Latest Apple vs Samsung dispute comes to not-so-epic conclusion

Apple Samsung
These two just love to fight

Apple has come out a little richer from its latest courtroom cage match with rival Samsung.

A jury in San Jose, Calif. has awarded the Cupertino firm a cool $119.6 million (about £70m, AU$120m) in damages. Samsung must pay the amount for devices the jury found infringed on two Apple patents.

The jury found Samsung products to infringe on a "quick-links" patent and a "slide-to-unlock" patent, but didn't find some phones to infringe on two patents pertaining to universal search and background sync. The jury also found Samsung to have willfully infringed on a patent the judge in the case had previously determined the Korean company had violated.

Samsung isn't leaving town empty handed; the jury determined Apple violated two Samsung patents, though the non-willful infringement will only cost Apple $158,400 (about £93,900, AU$170,929).

On higher ground

The final amounts are significantly smaller than either company had come to court hoping to win, but these disputes have never really been about the dollar amounts.

In a statement to Re/code, Apple applauded the ruling.

"We are grateful to the jury and the court for their service. Today's ruling reinforces what courts around the world have already found: That Samsung willfully stole our ideas and copied our products. We are fighting to defend the hard work that goes into beloved products like the iPhone, which our employees devote their lives to designing and delivering for our customers."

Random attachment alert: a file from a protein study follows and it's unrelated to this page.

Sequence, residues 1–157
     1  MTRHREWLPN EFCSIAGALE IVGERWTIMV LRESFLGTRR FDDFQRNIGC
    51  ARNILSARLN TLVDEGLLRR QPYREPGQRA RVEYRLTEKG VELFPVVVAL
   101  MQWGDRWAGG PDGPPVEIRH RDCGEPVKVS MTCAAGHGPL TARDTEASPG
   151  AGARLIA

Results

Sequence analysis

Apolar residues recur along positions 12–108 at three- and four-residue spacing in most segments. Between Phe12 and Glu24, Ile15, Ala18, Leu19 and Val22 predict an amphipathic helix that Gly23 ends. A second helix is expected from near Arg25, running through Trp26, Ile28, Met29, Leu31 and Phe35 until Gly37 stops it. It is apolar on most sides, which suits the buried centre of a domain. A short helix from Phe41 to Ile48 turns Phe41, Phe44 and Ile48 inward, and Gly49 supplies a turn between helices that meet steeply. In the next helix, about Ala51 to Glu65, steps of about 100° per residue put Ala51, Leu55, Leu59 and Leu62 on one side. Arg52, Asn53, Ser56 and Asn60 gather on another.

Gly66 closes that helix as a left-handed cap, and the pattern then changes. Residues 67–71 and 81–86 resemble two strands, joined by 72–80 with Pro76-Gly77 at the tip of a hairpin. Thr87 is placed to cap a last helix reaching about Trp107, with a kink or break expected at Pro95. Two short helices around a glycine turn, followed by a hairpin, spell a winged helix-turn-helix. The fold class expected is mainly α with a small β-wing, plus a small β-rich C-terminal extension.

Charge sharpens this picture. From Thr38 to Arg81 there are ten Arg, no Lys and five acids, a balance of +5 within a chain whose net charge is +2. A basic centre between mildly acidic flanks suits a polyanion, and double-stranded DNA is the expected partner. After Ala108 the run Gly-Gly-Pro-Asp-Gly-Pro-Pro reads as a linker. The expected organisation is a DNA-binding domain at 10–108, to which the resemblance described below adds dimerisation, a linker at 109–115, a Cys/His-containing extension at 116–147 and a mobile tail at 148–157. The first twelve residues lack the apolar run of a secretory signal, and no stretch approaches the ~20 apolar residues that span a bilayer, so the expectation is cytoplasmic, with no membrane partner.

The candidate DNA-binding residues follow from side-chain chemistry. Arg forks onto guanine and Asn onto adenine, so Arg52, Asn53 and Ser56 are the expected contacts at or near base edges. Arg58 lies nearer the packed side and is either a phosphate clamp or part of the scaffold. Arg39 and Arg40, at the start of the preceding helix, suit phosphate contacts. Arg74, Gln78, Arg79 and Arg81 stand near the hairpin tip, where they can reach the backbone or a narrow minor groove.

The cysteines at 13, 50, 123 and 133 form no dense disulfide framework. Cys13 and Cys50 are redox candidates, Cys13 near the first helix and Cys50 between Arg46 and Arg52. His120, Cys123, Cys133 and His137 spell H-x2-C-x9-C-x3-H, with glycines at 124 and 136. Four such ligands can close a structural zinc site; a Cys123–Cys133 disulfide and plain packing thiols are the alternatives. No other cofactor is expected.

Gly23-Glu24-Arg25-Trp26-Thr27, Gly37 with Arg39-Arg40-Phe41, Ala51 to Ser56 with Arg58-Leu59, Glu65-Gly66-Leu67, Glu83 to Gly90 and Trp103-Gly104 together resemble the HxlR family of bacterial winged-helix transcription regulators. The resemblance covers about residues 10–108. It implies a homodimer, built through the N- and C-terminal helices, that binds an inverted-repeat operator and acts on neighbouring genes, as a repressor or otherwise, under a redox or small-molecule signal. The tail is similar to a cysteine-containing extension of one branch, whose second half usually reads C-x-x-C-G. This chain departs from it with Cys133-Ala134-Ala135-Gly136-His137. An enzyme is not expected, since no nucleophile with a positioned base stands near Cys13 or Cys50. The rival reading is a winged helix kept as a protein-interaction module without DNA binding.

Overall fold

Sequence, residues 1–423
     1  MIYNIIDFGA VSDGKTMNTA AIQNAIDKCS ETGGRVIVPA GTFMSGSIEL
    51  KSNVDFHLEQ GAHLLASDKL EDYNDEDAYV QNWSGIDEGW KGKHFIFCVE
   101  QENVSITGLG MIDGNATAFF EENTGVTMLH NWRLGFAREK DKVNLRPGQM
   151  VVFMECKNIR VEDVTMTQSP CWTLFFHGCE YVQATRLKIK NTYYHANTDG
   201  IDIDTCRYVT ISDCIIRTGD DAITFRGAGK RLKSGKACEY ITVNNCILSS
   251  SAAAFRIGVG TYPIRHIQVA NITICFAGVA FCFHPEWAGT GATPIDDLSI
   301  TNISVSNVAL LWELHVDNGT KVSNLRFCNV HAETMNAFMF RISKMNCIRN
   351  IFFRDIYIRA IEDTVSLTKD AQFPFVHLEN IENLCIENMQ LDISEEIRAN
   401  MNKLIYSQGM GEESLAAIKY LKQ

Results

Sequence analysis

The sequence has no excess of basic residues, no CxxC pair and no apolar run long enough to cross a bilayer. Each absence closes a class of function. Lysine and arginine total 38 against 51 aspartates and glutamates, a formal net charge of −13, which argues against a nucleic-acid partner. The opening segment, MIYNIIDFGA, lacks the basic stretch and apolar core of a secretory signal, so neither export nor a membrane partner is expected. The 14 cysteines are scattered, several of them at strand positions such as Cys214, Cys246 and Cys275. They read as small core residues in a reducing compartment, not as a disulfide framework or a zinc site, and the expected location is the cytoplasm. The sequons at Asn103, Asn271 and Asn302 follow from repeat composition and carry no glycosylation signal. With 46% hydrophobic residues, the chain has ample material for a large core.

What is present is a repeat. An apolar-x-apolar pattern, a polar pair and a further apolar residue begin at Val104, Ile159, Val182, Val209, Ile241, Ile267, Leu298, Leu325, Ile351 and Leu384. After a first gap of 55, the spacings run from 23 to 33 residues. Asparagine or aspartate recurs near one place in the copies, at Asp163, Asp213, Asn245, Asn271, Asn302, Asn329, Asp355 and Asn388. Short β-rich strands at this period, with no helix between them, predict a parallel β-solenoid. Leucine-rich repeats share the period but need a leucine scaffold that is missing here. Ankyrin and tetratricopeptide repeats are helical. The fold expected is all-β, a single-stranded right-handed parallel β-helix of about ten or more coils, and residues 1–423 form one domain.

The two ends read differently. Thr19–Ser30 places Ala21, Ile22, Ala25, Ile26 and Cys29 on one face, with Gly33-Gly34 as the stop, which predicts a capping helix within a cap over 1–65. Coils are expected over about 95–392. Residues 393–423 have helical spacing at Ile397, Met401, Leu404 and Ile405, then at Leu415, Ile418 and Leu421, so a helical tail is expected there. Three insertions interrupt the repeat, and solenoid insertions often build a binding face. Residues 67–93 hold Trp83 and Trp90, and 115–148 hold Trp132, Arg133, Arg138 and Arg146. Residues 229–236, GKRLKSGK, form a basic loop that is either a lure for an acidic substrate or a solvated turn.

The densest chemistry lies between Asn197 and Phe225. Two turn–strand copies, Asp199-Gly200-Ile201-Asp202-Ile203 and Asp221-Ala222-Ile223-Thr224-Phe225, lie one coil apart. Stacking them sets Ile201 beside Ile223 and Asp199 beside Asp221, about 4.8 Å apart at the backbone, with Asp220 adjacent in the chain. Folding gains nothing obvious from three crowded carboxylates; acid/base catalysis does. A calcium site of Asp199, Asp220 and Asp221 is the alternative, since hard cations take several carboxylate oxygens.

Neither Samsung or Google have issued statements. Google would have covered some damages for two patents Apple argued for, however neither were found to have been infringed.

Michelle Fitzsimmons

Michelle was previously a news editor at TechRadar, leading consumer tech news and reviews. Michelle is now a Content Strategist at Facebook.  A versatile, highly effective content writer and skilled editor with a keen eye for detail, Michelle is a collaborative problem solver and covered everything from smartwatches and microprocessors to VR and self-driving cars.